But the BitLicense has come in for intense criticism from cryptocurrency entrepreneurs. Speaking at CoinDesk’s Consensus 2018 conference Tuesday, ShapeShift CEO Erik Voorhees called the regulation an “absolute failure” that “should be removed.” He said it was “pathetic” that only a handful of firms had received BitLicenses after three years. “That’s the rate of innovation in New York.”
Despite lacking a BitLicense prior to this week, Genesis Trading has been operating in New York under a safe harbor provision.
The exchange caters to high net worth and institutional investors and offers round-the-clock trading in bitcoin, bitcoin cash, ether, ethereum classic, XRP, litecoin and zcash.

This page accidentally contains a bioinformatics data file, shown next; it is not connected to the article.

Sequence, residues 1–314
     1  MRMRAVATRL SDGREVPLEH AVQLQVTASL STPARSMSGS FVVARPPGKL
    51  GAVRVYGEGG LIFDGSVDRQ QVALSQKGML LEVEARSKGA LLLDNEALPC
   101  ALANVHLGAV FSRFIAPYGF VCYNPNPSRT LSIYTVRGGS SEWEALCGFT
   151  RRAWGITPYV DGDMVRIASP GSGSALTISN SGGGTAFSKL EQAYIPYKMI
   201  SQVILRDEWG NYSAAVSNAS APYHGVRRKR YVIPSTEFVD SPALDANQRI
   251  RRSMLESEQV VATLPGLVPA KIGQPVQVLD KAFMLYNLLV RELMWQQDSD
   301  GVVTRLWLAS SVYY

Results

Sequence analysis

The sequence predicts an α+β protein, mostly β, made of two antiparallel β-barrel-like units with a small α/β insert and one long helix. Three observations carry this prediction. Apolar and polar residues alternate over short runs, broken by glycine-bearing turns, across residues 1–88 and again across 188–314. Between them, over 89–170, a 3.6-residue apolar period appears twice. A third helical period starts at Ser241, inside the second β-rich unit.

Separately, the DFS also authorized Paxos Trust Company, formerly known as itBit, to operate “a permissioned, blockchain-based post-trade platform settlement service” for precious metals, called Bankchain.
Paxos holds a limited-purpose trust company charter from DFS, as does Gemini Trust Company, a cryptocurrency exchange.
New York became the first state to craft a regulatory structure specifically for cryptocurrencies in 2014, and finalized the BitLicense in August 2015.
The other four firms to receive the license are Circle, in 2015; XRP II, a Ripple subsidiary that sells XRP, the following year; and Coinbase and bitFlyer in 2017.